I recently spoke with John Eisenbarth, the Vice President of Operations for West Coast Self-Storage in Mill Creek, Washington, to get his take on how West Coast goes about finding the right types of storage properties to manage.
When identifying storage partnerships, what attributes are necessary to being a good fit?
Geographic location is the first thing. Since we’re located on the West Coast, we want to work with storage properties that have proximity to us. We currently work with facilities in Washington, Oregon and California. We operate from a very hands-on perspective, so we want to be geographically close enough to allow our District Managers and Training Managers to work intensively with our stores. Our District Managers don’t have offices, so they spend every day in stores within their respective Districts.
Outside of location, the best attribute for being a good fit is determining if we can add value for the owner of the property. Adding value comes in a lot of forms and it depends on what the owner wants out of a management company. It may be that a single owner would like more free time in his or her life. If it’s an investment group that has the capital but doesn’t want to run the day-to-day operations, then we can add value. It could be a current management company in place that isn’t doing the job they were hired to do, or even a situation where the owner thinks everything is going smoothly, but in reality, there is a large opportunity for increased revenue and reduced expenses.
One other important factor is making sure there is a good connection between the owner(s) and our Team. Our aim is to be working together for years, so we need to have a mutual respect and share the same values in regard to the vision for the property now and in the future.
There are instances where we’ve had to say no to a potential management contract too. Sometimes the location is too far away from our other properties, which would mean spending more time traveling to the location and less time being able to support it the way we need to.
We’ve also had to say no based on the size of the operation. For stores that are smaller and bring in a small amount of revenue each month, having to pay a management fee would really cut into the owner’s profit. But even then, sometimes it works. For instance, a few years ago, we began talking with the owner of a smaller storage business. He was dubious that we could help him, and on the face of it, it didn’t look like we could. He had been running his storage business for many years and was generating a decent amount of revenue with almost full occupancy. But once we started digging into the details of the operation, we realized there were many areas where revenue could be optimized and expenses trimmed. For example, he had thousands of dollars in uncollected receivables. He had units that hadn’t been moved out, even though the lease had ended. And he had advertising expenditures that weren’t returning ROI. On the revenue side, the store hadn’t implemented a tenant insurance program or a truck rental program. After putting these in place, putting more emphasis on retail sales and doing some rate optimization, our fee was more than paid for within the first three months. Three years later, the property has increased revenue by over 61% per year and has increased net profit.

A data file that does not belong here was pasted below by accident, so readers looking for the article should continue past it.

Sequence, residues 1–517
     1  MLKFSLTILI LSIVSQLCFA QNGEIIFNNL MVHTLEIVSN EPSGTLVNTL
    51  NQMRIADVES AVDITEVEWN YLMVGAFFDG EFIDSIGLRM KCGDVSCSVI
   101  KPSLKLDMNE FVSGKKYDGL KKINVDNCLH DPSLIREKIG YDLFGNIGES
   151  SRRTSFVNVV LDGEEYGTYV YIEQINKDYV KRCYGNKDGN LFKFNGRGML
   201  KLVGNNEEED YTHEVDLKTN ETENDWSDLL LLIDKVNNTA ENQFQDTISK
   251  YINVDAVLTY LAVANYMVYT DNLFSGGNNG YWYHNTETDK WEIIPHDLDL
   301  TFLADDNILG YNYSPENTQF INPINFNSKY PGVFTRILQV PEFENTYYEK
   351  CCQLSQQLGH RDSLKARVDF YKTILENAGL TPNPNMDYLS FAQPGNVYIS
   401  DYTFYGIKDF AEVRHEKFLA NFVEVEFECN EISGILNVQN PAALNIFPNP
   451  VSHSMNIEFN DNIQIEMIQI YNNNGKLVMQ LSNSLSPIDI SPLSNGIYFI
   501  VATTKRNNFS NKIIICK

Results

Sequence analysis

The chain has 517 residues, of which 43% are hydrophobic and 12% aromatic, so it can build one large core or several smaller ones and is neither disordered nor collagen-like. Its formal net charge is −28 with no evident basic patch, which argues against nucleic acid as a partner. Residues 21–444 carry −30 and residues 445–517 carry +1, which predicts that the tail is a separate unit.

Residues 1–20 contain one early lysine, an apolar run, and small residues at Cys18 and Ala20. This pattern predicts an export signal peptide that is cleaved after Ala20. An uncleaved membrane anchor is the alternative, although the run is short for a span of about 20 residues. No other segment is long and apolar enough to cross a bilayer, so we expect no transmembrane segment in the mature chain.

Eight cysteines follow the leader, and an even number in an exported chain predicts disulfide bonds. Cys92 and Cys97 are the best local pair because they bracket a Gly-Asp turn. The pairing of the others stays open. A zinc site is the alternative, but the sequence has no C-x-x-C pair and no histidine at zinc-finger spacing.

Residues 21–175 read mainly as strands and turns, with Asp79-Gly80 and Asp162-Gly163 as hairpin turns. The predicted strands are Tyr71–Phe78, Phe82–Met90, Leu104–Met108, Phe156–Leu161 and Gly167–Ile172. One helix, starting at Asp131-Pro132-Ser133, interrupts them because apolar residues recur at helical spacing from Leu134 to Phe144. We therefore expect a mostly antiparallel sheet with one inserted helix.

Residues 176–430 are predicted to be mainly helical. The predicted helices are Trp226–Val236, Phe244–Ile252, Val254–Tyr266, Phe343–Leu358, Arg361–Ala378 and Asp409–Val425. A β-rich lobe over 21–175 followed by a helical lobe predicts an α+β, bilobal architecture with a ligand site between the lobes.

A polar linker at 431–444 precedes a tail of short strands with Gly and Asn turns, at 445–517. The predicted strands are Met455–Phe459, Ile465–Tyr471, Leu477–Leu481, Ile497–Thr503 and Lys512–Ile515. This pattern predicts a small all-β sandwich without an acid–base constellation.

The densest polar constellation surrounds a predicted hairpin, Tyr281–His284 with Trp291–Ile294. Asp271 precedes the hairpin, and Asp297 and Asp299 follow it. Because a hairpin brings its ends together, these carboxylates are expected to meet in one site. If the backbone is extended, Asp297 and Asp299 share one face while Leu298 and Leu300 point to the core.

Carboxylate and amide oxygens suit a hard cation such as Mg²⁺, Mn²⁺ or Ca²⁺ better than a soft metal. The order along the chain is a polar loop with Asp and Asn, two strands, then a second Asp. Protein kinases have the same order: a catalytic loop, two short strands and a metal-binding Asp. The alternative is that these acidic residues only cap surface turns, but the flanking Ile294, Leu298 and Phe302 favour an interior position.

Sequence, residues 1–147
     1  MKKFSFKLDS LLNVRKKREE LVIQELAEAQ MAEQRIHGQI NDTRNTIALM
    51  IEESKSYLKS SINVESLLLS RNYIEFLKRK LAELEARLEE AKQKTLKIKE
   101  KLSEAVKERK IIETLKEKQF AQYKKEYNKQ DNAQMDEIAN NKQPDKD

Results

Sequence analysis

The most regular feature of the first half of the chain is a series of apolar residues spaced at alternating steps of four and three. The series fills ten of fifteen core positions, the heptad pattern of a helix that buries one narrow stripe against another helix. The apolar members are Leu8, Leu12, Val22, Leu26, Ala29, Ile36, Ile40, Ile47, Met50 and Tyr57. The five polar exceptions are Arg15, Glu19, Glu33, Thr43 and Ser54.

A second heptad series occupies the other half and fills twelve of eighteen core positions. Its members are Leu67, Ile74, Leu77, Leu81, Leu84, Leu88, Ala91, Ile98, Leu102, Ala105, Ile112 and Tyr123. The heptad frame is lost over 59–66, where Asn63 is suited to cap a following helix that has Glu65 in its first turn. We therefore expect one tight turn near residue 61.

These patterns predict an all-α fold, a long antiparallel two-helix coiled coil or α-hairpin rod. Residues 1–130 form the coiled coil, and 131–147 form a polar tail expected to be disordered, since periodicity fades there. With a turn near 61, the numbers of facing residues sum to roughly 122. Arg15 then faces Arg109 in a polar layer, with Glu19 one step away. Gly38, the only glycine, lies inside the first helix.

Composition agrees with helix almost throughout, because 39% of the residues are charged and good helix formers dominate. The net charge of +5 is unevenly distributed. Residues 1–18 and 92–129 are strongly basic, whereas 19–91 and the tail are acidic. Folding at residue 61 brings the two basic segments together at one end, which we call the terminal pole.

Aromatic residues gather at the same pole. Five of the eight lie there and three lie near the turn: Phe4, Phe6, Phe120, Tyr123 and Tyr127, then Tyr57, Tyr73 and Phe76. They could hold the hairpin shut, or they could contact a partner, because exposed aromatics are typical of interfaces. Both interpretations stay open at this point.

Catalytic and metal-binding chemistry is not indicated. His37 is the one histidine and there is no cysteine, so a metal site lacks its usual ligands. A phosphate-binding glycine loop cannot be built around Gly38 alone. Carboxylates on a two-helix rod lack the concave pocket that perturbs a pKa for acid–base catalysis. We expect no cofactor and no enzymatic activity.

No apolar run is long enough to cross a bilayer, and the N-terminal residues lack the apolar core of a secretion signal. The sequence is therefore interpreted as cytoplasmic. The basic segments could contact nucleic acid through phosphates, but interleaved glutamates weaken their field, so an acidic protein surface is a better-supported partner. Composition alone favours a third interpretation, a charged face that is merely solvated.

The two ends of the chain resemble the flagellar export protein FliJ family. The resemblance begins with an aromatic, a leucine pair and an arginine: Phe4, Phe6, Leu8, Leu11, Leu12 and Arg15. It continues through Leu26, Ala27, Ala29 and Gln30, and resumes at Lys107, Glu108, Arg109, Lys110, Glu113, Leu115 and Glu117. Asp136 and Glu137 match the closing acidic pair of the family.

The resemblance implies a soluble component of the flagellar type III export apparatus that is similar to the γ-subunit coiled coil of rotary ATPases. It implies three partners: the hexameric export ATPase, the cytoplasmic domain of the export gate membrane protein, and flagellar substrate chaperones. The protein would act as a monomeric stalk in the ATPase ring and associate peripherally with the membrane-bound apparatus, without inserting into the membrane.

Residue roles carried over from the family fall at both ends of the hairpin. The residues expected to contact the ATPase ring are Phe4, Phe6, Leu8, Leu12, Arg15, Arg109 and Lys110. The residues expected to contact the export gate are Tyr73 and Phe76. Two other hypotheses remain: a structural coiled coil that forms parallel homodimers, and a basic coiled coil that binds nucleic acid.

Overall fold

When should storage owners consider hiring a third-party management company?
There are a variety of reasons why an owner or owners should think about using a management company. But the decision should be based primarily on whether they want to make more revenue, minimize their expenses, and increase the value of their asset. If these factors are true, then they should hire a management company.
However, there could be other factors that go into this decision. The owner may want more free time back. They’ve been running their storage business for years and it’s taken a lot of hard work, time and dedication. So, they’ve come to a point where they’d like more freedom to do what they want.
Perhaps the owner just doesn’t want to deal with the headache of running a business and all that entails, such as managing employees, dealing with customers, doing all the accounting and administration.
Lastly, it could be that they are currently being managed by another management company, but they feel like it’s not being managed appropriately. A management company can come in and do an audit of the business to show them what they are missing.